I’m a software engineer building tooling for Visual Studio and Visual Studio Code to support C++ embedded device development. These physical devices typically connect to a computer over USB, but we discovered we couldn’t use WSL to test our tools on Linux because it does not support USB. We weren’t alone — support for connecting physical USB devices to WSL is highly requested by the community as well.
While this functionality is still not natively available in WSL, I’m excited to announce that our summer intern, Nelson Daniel Troncoso Aldas, contributed changes to the open-source usbipd-win project to enable common developer USB scenarios like flashing an Arduino or accessing a smartcard reader.
To get started with this functionality, first ensure you’re running Windows 11 and have installed all WSL updates. Running uname -a from within WSL should report a kernel version of 184.108.40.206 or later. You’ll need to be running a WSL 2 distro.
Install the latest release of usbipd-win.
From within WSL, install the user space tools for USB/IP and a database of USB hardware identifiers. The instructions below are for Ubuntu — other distributions may require a different usbip client package. On Ubuntu 20.04 LTS, run these commands:
sudo apt install linux-tools-5.4.0-77-generic hwdata
sudo update-alternatives –install /usr/local/bin/usbip usbip /usr/lib/linux-tools/5.4.0-77-generic/usbip 20
At this point a service is running on Windows to share USB devices, and the necessary tools are installed in WSL to attach to shared devices.
Attaching a device
First ensure a WSL command prompt is open. This will keep the WSL 2 lightweight VM active.
From an administrator command prompt on Windows, run this command. It will list all the USB devices connected to Windows.
usbipd wsl list
Select the bus ID of the device you’d like to attach to WSL and run this command. You’ll be prompted by WSL for a password to run a sudo command.
usbipd wsl attach –busid <busid>
From within WSL, run lsusb to list the attached USB devices. You should see the device you just attached and be able to interact with it using normal Linux tools. Note that depending on your application, you may need to configure udev rules to allow non-root users to access the device.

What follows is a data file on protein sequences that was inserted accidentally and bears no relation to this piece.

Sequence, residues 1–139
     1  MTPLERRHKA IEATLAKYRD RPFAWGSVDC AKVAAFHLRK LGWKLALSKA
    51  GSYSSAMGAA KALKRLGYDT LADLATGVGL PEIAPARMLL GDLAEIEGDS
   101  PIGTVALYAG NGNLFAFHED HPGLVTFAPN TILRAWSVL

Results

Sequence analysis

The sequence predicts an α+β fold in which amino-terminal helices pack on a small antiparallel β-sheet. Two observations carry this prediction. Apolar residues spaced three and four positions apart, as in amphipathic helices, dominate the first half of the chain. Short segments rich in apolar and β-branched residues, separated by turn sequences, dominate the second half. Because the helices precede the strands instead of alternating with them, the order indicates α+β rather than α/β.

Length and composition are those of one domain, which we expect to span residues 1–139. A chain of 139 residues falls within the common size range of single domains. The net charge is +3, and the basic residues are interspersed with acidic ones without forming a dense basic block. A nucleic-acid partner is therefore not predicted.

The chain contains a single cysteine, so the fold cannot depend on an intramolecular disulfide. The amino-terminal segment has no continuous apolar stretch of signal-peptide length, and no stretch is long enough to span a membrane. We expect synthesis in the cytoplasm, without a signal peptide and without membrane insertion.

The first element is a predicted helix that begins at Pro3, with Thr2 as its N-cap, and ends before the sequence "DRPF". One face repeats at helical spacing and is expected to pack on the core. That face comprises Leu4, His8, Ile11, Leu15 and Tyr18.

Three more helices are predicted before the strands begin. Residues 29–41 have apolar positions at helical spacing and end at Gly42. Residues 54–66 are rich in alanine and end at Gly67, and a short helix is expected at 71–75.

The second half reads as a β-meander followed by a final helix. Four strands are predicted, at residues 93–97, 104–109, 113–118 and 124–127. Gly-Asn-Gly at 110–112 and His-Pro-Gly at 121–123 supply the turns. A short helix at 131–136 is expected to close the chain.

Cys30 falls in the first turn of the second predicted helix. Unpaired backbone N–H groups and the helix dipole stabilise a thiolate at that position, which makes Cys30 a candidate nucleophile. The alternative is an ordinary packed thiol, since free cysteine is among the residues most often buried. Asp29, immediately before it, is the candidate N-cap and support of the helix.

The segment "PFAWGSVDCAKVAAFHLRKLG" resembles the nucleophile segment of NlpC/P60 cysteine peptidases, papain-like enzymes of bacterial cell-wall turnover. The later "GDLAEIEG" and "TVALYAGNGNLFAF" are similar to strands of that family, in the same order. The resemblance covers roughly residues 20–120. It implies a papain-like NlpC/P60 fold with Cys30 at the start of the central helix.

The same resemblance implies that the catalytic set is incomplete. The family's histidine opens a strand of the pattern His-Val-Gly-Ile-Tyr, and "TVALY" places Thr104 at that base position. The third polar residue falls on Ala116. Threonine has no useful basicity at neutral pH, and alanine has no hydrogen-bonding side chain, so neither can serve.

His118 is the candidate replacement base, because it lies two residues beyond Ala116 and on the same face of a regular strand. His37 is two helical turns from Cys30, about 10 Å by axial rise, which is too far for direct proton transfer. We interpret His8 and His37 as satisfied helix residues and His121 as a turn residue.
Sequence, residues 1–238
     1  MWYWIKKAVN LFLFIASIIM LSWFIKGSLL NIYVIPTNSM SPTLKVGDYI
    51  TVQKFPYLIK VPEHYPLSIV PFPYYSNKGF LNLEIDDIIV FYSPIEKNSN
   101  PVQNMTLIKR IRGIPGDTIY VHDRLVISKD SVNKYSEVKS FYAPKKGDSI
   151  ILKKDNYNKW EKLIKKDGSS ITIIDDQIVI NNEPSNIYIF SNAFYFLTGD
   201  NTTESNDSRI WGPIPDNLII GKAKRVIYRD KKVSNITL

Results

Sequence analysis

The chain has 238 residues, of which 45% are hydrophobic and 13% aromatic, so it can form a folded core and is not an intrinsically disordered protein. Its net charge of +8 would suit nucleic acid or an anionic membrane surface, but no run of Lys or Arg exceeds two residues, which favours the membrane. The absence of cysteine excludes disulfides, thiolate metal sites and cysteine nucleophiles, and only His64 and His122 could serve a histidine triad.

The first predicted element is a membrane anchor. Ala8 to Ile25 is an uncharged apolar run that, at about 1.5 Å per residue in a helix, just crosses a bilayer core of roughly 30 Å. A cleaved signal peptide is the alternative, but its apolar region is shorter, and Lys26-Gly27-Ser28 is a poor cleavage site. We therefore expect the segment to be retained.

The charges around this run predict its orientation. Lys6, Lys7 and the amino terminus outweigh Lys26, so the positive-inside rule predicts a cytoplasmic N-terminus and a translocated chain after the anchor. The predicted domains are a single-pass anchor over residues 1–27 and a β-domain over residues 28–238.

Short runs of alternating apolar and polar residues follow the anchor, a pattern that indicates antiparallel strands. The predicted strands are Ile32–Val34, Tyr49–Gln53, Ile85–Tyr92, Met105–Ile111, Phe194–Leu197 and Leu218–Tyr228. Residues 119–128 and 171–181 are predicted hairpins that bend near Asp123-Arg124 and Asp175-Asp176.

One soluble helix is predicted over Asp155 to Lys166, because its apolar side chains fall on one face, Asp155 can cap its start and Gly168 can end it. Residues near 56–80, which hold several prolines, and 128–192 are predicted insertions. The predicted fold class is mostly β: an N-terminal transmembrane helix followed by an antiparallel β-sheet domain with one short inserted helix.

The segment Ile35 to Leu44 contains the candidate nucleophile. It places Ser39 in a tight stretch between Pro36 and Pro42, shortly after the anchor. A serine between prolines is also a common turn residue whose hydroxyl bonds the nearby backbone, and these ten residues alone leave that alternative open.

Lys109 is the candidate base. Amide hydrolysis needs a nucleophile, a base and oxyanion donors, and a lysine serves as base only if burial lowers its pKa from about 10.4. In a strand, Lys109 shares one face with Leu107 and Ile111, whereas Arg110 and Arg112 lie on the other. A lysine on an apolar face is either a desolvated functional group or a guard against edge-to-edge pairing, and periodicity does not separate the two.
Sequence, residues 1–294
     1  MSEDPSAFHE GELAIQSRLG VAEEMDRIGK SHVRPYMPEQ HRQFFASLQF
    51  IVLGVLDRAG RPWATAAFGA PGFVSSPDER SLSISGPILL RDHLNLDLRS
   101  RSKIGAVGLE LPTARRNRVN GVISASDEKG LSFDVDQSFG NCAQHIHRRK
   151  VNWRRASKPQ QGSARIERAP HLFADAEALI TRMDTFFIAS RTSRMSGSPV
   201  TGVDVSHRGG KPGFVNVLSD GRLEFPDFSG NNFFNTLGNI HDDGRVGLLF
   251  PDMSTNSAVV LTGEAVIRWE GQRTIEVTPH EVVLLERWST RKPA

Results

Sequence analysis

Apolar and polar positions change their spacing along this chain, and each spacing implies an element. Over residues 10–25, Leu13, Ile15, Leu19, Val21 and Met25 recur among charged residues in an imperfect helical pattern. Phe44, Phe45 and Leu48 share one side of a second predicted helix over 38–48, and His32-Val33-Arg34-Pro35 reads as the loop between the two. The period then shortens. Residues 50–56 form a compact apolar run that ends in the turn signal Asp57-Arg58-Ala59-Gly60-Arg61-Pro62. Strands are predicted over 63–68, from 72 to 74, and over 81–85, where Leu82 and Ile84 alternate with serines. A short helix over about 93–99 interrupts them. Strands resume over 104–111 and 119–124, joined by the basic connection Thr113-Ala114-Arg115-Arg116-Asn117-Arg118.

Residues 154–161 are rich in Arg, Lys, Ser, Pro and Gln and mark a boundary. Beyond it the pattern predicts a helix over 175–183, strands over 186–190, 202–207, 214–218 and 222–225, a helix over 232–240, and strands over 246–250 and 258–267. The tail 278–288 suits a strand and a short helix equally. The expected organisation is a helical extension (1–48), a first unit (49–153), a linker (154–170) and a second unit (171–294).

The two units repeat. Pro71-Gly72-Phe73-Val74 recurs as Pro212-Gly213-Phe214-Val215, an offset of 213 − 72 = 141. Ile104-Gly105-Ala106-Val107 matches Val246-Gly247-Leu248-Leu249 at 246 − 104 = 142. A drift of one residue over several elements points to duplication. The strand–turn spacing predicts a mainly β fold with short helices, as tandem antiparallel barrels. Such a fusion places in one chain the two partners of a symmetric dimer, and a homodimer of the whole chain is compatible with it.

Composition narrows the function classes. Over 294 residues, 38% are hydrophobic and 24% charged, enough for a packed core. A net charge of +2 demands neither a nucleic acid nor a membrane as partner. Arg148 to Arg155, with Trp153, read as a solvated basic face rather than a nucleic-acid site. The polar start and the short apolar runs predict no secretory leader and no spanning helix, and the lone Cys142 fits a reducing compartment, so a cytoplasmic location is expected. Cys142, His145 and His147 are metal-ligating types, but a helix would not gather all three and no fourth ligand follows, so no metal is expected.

Once you are done using the device in WSL, you can either physically disconnect the device or run this command from an administrator command prompt on Windows.
usbipd wsl detach –busid <busid>
How it works
This functionality takes advantage of the USB/IP protocol to forward USB traffic over the virtual network interface between Windows and WSL. Code for USB/IP support has existed in the Linux kernel since 2009, but several recent changes made it easier to use in WSL.
We updated the configuration options for the WSL Linux kernel to enable USB/IP support. This simplifies setup in WSL and avoids requiring users to build the kernel themselves.
While support for attaching devices over USB/IP exists in Linux (a client), there was no corresponding server support for USB/IP in Windows. usbipd-win fills this gap. We contributed a command line interface to the project to both enable a USB device for sharing on Windows and attach it from within WSL.
We’d also like to give a shoutout to Frans van Dorsselaer, a system architect from the Netherlands who started usbipd-win. In his own words:
This started as a personal hobby project to get a single device working. I recently switched from VirtualBox to Hyper-V, but I was missing the USB passthrough functionality for my device. Unhappy with the existing solutions, either expensive commercial solutions or open-source projects that required unsigned drivers, I decided that I could do this! I read up on the USB standard, the USBIP implementation in the Linux kernel, and the VirtualBox driver source code. Next, a colleague of mine asked if his USB token would work too. Of course, it didn’t, but I decided to publish the project on GitHub and make it feature complete. Microsoft found my project and decided to help make it more mature with a proper management interface and support for WSL. And that is where we are now: configurable USB passthrough for Hyper-V and WSL.
Where to give feedback
We’re excited for you to try connecting USB devices to WSL. If you have feedback for this project, please open an issue on the open-source usbipd-win project. Learn more about WSL, including how to set up common development tools like Git, VS Code, Docker containers, databases, GPU acceleration for machine learning, and more, by visiting the WSL documentation. Finally, be on the lookout for future announcements from the C++ embedded development team about tooling to improve the embedded development experience regardless of device or compiler. Happy coding!